There’s a connection my brain is trying to make with the Lord’s Prayer. The prayer as a whole seems a concentration of all the things that are true, each line containing something infinitely profound. Taken together, these lines draw us close to the edge of something unfathomable and altogether spectacular.
It’s too much for me. Lately, as I go about my day, I’ve been repeating to myself one part of the Lord’s Prayer, the phrase “on earth as in heaven.” I caught a glimpse of its mystery when I was working on clouds and then again with the raven and the dove. And I’m still hunting for it.
Heaven on earth seems more than a reference to the Temple, though that approaches its meaning. The Temple, God’s dwelling place that Solomon first built is of course a sign. It draws our eye beyond things built by human hands to God’s in-dwelling of creation in human form (Acts 7:48). First in Christ and then in His new Temple, His body, the church.
But that still seems incomplete. When it comes to heaven on earth, there is Noah’s mimicry of God when he sends out the raven, the festivals God gives the Israelites as reminders, even reenactments, of their salvation from slavery, the ladder to heaven Jacob witnesses in a dream. There are the glorified appearances of Moses, Elijah and Enoch, that cloud of witnesses around us, we who are already seated in the heavenly places and yet still lingering on earth.
Each of these and so many, many more speak to us of God bringing heaven and earth into union and yet holding them separate. The already and the not yet in dimensional overlap. I can’t think about it too much or my brain will scramble. Sometimes it feels like I’m headed for that. But I can’t let it go. Nor can I fully put it into words.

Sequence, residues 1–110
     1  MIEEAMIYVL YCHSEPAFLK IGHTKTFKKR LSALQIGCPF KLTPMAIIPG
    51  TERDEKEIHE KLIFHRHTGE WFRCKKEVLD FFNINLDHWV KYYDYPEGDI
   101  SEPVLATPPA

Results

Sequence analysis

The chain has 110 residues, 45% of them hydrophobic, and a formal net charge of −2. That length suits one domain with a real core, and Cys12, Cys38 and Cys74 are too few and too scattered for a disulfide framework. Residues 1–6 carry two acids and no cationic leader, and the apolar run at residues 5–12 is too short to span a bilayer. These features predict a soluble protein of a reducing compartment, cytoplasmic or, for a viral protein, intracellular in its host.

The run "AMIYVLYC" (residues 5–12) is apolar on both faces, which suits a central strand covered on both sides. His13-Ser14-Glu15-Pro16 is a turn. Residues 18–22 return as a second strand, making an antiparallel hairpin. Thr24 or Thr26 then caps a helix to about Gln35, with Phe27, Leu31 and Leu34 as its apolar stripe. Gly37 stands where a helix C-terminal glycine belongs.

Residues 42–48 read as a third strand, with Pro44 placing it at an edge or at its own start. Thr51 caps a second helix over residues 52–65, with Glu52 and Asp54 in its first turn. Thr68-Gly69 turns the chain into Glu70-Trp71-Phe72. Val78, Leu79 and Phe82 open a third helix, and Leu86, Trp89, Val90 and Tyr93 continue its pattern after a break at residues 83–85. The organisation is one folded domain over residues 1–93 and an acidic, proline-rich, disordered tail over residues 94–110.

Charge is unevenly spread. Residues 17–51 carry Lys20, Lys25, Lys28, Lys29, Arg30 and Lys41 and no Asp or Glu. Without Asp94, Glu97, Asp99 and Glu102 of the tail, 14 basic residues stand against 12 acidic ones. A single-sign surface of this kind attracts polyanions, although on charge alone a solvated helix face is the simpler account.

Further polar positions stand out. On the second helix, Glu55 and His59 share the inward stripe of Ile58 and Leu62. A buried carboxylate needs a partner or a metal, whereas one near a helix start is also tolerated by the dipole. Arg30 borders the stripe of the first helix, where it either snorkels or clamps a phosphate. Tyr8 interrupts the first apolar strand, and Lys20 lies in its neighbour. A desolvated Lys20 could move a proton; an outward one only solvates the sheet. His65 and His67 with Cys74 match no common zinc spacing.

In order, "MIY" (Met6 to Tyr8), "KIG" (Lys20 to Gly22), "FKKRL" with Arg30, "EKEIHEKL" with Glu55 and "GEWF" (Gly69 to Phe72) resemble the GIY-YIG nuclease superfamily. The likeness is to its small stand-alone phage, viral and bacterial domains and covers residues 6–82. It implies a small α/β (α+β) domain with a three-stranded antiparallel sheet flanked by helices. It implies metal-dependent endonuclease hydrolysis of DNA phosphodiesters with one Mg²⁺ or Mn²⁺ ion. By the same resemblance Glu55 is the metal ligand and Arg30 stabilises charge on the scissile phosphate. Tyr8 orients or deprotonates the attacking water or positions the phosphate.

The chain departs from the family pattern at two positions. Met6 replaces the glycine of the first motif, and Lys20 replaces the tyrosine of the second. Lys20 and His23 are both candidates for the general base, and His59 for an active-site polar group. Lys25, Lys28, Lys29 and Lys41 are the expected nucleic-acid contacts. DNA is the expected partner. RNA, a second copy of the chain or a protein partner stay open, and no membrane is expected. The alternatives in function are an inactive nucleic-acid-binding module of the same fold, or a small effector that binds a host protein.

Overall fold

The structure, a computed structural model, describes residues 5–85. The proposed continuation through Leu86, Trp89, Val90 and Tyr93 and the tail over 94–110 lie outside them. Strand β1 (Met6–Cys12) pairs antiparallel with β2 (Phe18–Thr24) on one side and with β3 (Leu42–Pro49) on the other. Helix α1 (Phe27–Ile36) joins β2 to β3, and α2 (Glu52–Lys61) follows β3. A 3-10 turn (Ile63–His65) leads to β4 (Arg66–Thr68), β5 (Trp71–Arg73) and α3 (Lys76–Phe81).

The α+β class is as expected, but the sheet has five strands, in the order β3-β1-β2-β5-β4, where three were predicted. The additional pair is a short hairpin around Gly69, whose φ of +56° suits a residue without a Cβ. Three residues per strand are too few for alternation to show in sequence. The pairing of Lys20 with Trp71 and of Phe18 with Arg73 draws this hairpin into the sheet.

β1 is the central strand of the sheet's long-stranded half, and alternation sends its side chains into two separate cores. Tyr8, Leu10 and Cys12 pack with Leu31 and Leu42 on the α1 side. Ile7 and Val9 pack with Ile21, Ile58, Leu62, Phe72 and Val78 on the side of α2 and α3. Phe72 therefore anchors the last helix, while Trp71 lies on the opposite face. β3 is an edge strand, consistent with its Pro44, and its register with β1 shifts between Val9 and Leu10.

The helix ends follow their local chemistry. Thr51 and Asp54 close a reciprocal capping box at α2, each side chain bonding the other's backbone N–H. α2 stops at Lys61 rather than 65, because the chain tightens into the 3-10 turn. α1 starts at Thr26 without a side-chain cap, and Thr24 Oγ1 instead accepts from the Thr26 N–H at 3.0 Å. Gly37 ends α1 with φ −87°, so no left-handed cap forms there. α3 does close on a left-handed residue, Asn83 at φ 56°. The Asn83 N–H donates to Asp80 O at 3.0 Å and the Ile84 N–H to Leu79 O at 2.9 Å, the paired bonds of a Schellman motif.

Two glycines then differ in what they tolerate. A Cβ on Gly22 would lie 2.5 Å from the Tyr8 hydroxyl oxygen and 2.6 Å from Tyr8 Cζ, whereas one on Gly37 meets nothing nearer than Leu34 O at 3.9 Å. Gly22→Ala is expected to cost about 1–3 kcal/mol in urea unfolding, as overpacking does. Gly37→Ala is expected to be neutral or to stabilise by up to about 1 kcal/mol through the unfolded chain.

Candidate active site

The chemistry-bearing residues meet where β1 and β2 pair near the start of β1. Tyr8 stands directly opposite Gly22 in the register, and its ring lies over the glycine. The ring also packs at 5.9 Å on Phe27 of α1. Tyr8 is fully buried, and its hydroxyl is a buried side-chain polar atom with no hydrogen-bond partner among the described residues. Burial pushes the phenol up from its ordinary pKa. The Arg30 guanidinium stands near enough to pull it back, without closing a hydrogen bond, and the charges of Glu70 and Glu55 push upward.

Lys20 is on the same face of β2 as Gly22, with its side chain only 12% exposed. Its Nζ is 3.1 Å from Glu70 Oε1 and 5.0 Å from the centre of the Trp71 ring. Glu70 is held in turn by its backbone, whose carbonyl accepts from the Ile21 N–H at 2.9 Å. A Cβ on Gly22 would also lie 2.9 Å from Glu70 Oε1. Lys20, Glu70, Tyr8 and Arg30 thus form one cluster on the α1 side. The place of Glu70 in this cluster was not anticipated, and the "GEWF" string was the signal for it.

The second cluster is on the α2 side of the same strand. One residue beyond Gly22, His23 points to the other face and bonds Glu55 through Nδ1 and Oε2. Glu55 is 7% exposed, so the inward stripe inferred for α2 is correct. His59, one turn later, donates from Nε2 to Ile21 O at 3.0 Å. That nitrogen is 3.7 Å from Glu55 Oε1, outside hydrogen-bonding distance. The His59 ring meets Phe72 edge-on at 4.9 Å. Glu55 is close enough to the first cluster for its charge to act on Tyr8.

Where can I go except the Holy of Holies, Song of Songs? In the most intimate book of the Bible, we eavesdrop – no we participate! – in the longing of two lovers for each other, Solomon and his wife. But of course it’s about more. Jesus Christ, in His life, death and resurrection has become ONE with His bride the church, and this is why Jesus can say to us,
You are altogether beautiful, my darling;
there is no flaw in you.
Song of Songs 4:7
How can this be right? We can’t go a day, an hour, even a minute without hurting someone else, without hurting ourselves.
But here’s the mystery: Heaven on earth – holiness, peace, joy – flows only out of the perfect love and enduring presence of God (Psalm 23, James 3:17-18). This is why Lady Wisdom in Proverbs is a picture not just of ‘godly wisdom’ nor even of Jesus alone but of the perfect wisdom the Church of Christ already possesses.
And here’s the mystery again: Bringing together heaven and earth can never be done by human effort, out of duty, trying harder, doing better. “On earth as it is in heaven” is therefore both what we have now and what we pray for. The re-creation Christ will usher in when He comes again. Tomorrow’s bread, given to us today. In the Lord’s Prayer, then, we who belong to Jesus ask not to make heaven on earth for ourselves but to be who we already are (1 Cor. 11:1):
a special people unto Himself, above all people (Deut. 7:6)
blessed (Num. 22:12)
friend (Jn 15:14)
apple of His eye (Deut 32:10)
a vessel unto honor (2 Tim 2:21)
as many as I love (Rev 3:19)
accepted and beloved (Song of Songs 5:1; Eph 1:6, Rom 1:7).